I know I just wrote a phenomenal blog about tattoos and how our bodies are like giant canvases, but I have more to say!
So, listen here:
I just stumbled upon another blogger’s discussion on the concept of design personification. He considered the power of “eye candy” in real life and how it translates to the digital online identity. Frankly, it left me with a duffle bag full of commentary that you are all so lucky to observe.
We all know the pervasiveness of digital media, specifically the hype around social media and networking sites. Why? Well, my thoughts are that we are unconsciously (or, perhaps, quite deliberately) narcissistic individuals. Whether creating a personal My Space profile, or building a business page on Facebook, we truly fixate on ourselves.
We fixate on our own self-perception, others self-perception of us, and how we perceive others to perceive us …..?……..Truth!
It became apparent to me that the world of web design is no different. In fact, countless web design firms, including my own New York web design firm, make a brilliant living off of this known reality.
The “profile” has become a phenomenon in the world of social networking. Similarly, the “homepage” has had the same effect on the world of web design. I wanted to offer yet another example of the digital crossover and how our behaviors online are mimicking real life more and more:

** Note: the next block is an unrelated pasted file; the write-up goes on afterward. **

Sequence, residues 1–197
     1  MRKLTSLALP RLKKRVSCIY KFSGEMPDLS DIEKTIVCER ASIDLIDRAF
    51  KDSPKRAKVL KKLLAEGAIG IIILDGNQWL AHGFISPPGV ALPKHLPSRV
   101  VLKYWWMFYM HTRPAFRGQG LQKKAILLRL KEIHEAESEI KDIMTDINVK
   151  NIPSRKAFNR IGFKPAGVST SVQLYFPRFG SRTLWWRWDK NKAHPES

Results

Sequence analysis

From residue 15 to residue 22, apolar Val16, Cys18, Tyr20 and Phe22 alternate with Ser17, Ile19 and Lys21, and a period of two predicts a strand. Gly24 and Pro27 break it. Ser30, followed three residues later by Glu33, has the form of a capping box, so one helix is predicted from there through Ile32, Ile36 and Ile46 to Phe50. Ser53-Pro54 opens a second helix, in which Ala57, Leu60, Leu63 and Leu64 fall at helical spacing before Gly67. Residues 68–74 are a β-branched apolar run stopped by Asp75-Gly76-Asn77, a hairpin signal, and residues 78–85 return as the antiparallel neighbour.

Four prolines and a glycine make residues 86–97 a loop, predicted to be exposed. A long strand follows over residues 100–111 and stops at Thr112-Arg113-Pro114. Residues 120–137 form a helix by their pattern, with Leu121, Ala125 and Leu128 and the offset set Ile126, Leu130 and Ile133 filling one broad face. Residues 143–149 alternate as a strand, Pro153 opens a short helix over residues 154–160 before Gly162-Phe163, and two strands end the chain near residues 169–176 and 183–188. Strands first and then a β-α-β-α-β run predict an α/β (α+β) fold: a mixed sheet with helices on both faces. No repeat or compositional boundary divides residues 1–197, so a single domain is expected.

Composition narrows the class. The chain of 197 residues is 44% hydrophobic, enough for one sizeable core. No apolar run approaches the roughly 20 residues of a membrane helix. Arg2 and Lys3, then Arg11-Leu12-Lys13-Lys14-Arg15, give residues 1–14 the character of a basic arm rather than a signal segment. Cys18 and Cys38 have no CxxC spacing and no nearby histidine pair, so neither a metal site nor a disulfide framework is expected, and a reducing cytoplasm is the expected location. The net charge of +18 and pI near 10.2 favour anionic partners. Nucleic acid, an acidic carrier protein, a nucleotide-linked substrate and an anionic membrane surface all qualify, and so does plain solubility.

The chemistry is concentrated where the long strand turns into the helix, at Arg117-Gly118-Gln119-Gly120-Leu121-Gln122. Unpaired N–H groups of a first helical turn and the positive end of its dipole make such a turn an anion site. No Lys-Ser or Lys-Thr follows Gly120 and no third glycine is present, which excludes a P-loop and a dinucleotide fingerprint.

I have made a pretty substantial amount of commentary on image maintenance via the Web, and this discussion will resonate with all of the previous concepts.
In real life, image maintenance is something that we do on really granular, personal levels, as well as large-scale, corporate levels. This image encompasses everything from visual to informational information that we divulge to the public.
In my personal life, my physical appearance will offer a “statement” to those who view me. On any given day, the way I wear my hair, my choice of clothing, and the disclosure of my tattoos will reveal varying degrees of identity to the general public. While we all possess intricately different identities, we most certainly all have one thing in common:
We put OUR BEST POSSIBLE SELF out there.
Sure, your personal best is not my personal best, which is what makes the world go round. But, it should be clear that the aesthetic we wear, the culture we associate with, and the information we share are the most desirable image we wish to exude.
In our personal lives, we can refer to the relative “attractiveness” of someone’s personal construct as “eye candy.” We visit the “profile” of the “other” in a “dating game” sort of means. If we like it, we stay on page. If we don’t, we click away.
If you have a “profile,” you are most definitely playing the game.
Viewing the “Other”:
When we engage in viewing the “other,” we exercise our judgment – for better or worse. It’s called a first impression and we all do it.
Is this visually appealing?
Is it clean?
Is the message understood?
Is it “eye candy??”
These are the fleeting thoughts we possess in the physical and digital world when we meet new individuals or even new businesses. Unfortunately, if the individual doesn’t meet your checklist of criteria for the above, you’re out of there. It’s really no different in the world of business or website design.
Everything from the visual and informational messages we send are critical to the overall brand that we create for ourselves.
One rule of thumb:
If it’s important in the real world, you BETTER BELIEVE it’s important in the digital world!!